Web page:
3 Stocks That Are Investing Heavily In Real Estate

These three companies, although in different sectors, are deeply involved with real estate — the investment world’s oldest path to success

Real estate investor and philanthropist Louis J. Glickman once said, “the best investment on earth is earth.” We examine three companies that take this tenet to heart: One with many theme parks, one a listing service that started to invest in its own properties, and one specializing in leisure resorts. 

1. Disney

The Walt Disney Company (NYSE: DIS) is a media and entertainment colossus owning film and television studios, theme parks, and streaming services. Disney’s involvement in real estate covers not only its many theme parks around the globe but also residential complexes and resorts. The Walt Disney World Resort is about 30,000 acres (roughly the size of San Francisco). Approximately 35% of the land is used for the parks and resorts and 25% for wildlife conservation; that leaves roughly 40% yet to be developed — and that’s only in Florida. Disney also has parks in California, Tokyo, Hong Kong, Paris, and Shanghai.

The company originally paid $5 million for its Florida purchase. In 2011, the company opened Golden Oak, an upscale residential community within the Walt Disney World Resort, with home prices ranging from $2 million to over $10 million. Disney also made land purchases totaling 2,775 acres and costing $40 million in Florida in the last two years. From its real estate investment in parks and resorts, Disney made $26.23 billion in revenue in 2019, or more than a quarter of its total intake. Making money from physical properties can have risks though. Recently, Disney announced a potential loss of $175 million due to closures of its parks in Shanghai and Hong Kong due to the COVID-19 outbreak, while violent incidents such as protests in Hong Kong can also affect attendance. 

2. Zillow

Zillow Group (NASDAQ: ZG) is a real estate database and search engine company that was founded in 2006 by CEO Richard Barton, Executive Chairman Lloyd Frink, and former CEO Spencer Rascoff. The company saw its revenue surge from $17 million to $2.743 billion between 2009 and 2019, a 16,035% increase. Zillow offers varying value estimates and reports on properties as well as aerial views and prices of comparable homes in the area being searched. In 2009, the company began listing rental properties and offering tools for credit checks and eviction history. Zillow primarily makes money from advertising for property managers for rentals, real estate agents, mortgage lenders, designers, contractors, and other such companies.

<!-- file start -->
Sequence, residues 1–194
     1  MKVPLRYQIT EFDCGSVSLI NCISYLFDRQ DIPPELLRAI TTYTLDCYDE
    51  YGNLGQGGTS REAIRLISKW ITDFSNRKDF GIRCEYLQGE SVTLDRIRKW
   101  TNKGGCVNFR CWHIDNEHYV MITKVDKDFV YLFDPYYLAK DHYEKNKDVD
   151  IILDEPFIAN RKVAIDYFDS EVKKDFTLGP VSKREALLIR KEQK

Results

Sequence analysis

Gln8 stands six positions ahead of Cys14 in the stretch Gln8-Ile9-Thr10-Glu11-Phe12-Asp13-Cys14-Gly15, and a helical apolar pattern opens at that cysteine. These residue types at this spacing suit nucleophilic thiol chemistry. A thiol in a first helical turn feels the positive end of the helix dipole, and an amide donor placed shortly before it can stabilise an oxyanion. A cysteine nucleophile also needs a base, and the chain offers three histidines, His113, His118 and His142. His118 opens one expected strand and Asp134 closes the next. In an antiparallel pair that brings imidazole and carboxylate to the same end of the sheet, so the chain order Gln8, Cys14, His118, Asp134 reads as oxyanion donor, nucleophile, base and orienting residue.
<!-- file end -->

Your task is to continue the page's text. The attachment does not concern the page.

In April 2018, the company entered the iBuying (instant buying) market by launching Zillow Offers in limited markets in the U.S. With this program, Zillow will purchase a seller’s home, make any required repairs and renovations and list the property hoping to sell it within 90 days. In 2019, roughly 50% of the company’s revenue came from its Homes Segment, which includes the Offers program. The program has expanded to twenty-four territories, including highly populated areas like Los Angeles, the second-largest housing market in the U.S., and Phoenix, and is expected to reach more markets in 2020.

There are risks involved with iBuying. The margins aren’t ideal; Zillow records nearly $5,000 in losses per home and its Homes division lost $312 million in 2019. Additionally, a recession in the housing market, like in 2008, can seriously affect earnings.

3. Vail Resorts

Vail Resorts, Inc. (NYSE: MTN) is a mountain resort company founded in the early 1960s by ski patrol guides Pete Seibert and Earl Eaton. The company owns and operates 37 resorts in the United States, Canada, and Australia. Acquisitions have been a major growth driver for the company, boosting its EPS threefold between fiscal 2015 and 2018, from $3.07 to $9.13 per share. Vail generates 86% of its revenue from its Mountain segment (ski school, dining, retail & rental operations) and 14% from its Lodging segment (hotels, golf courses and ground transportation). 

There are two risks to Vail’s business. The first is climate change, causing shorter winters and affecting the company’s bottom line. To combat this, Vail pushes season pass sales and has seen success with this strategy in the past. The second is the economy. People travel for leisure less when they have less disposable income and a recession could seriously hurt Vail’s profits. 

Real estate has always been a safe bet as it offers a source of passive income and profit from value appreciation. Massive investments, however, can carry inherent risks in the form of a pandemic, a recession or climate change.

MyWallSt operates a full disclosure policy. MyWallSt staff currently hold long positions in companies mentioned above. Read our full disclosure policy here.